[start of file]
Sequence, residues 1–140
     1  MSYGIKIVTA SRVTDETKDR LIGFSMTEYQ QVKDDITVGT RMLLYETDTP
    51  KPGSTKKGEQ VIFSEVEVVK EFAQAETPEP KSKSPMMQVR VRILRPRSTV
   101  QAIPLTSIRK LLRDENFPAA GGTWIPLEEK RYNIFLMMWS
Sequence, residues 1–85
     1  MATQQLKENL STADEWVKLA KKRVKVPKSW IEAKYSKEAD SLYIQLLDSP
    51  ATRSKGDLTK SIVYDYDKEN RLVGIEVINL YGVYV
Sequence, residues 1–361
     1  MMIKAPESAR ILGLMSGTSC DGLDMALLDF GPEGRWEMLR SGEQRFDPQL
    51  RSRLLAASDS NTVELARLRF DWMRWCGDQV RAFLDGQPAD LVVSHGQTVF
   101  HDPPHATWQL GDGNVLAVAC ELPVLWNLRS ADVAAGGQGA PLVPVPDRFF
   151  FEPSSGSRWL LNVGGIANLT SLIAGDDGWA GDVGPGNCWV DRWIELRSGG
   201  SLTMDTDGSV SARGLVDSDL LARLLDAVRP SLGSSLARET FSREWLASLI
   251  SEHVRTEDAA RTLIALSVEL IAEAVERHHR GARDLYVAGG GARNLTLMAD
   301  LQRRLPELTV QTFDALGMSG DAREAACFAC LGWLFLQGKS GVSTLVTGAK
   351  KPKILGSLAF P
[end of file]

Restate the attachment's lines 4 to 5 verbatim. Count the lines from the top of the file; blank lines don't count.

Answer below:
   101  QAIPLTSIRK LLRDENFPAA GGTWIPLEEK RYNIFLMMWS
Sequence, residues 1–85